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Northwest Voices

Seattle Times letters to the editor

January 23, 2009 at 4:01 PM

Higher education funding and priorities

Stop the special treatment of athletes

Everywhere these days, it seems we are challenged and confronted at all levels with the absolute need to reorder our personal, governmental and societal priorities. I want to believe that the president, regents and other administrators of our local paragon of higher education, the University of Washington, would understand that they, too, must participate in this reordering process.

Alas, in several of their recent actions and decisions, specifically the outlandish, multimillion-dollar contracts for football coaches and the absurd lobbying push for $150 million Husky Stadium from the state of Washington, I have found little evidence that the university’s leaders and administrators “get it.”

As the only member of our family who is not a UW graduate (my wife and both adult children are alumni), I pick carefully the issues on which I give the school poor marks. However, after reading Nick Perry’s front-page story [“Doors Close at UW,” News, Jan. 17], I simply had to decry the decision to exclude “athletes” from this spring’s admissions limitation.

It’s not that I object to a student being an athlete, but if the UW’s critical-core mission is to educate, then emphasis should be put on the word “student” not on the word “athlete.” For our common good, the president, regents, other administrators and the rest of us must abandon the wrongheaded policy and practice of placing “athlete-students” ahead of “student-athletes” in the admissions line.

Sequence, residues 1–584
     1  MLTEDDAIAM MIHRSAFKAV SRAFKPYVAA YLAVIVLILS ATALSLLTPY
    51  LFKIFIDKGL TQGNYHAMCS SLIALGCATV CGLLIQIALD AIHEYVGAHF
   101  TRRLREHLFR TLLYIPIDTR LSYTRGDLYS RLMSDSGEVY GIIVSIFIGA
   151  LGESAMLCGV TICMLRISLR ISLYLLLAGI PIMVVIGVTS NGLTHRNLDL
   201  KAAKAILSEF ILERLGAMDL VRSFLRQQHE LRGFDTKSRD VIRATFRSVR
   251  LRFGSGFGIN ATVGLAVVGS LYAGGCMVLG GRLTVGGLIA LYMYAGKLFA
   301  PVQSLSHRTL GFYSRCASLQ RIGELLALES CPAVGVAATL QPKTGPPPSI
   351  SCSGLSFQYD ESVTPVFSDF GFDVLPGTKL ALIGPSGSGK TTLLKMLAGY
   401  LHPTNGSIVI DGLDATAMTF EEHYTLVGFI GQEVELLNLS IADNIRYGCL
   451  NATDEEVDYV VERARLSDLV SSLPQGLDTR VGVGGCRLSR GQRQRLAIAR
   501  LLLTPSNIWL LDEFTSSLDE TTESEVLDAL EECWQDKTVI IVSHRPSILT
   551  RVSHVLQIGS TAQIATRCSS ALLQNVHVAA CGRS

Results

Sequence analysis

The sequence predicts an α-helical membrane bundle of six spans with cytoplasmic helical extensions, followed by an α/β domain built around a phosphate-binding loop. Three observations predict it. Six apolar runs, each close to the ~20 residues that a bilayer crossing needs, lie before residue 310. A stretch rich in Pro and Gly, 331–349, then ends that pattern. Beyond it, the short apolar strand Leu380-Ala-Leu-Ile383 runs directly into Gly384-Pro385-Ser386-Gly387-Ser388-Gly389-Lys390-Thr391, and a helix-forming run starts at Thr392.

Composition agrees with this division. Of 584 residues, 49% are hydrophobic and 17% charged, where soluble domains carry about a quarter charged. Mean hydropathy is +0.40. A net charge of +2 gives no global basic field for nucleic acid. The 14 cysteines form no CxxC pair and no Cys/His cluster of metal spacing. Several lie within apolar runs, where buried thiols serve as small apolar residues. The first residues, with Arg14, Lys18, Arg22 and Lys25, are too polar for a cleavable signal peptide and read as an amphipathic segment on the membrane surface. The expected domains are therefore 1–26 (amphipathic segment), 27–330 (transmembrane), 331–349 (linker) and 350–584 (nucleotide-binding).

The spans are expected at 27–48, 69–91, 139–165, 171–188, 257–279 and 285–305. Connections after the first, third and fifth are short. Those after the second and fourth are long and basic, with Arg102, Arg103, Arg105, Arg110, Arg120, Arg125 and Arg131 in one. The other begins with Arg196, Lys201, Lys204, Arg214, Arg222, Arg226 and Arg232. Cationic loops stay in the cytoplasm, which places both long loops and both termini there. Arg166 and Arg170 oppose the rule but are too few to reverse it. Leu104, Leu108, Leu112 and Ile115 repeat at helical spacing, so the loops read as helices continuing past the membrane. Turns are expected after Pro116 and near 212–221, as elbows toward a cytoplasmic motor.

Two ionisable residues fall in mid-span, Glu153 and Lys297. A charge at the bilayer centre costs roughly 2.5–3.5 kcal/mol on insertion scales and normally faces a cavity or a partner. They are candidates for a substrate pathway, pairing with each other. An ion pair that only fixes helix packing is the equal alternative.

— Edward Kushner, Bainbridge Island

Future investment in a healthier society

Recently, there has much discussion about sacrificing college affordability in order to reel in the state’s deficit. As a college student myself, I certainly do not want to see this happen. However, aside from my own interest in the subject, statistics relating to the economic benefits of higher education show that an investment in college students is an investment in the future of the economy.

Making drastic cuts in higher education would be an impetuous response to the current financial crisis. Some of the main economic benefits to a well-educated citizenry are increased tax revenue generated by higher employment rates, a healthier society less dependent on social services and decreased crime and incarceration rates with increased educational attainment.

The facts conclusively show that cutting higher-education funding and balancingthe state budget on the backs of students and their families will only further hurt the economy. If sound public policy is the product of disciplined prudence, then our state leaders must act upon the understanding that a college education is the engine that will ultimately drive our state out of this financial crisis.

— Jake Stillwell, Ellensburg

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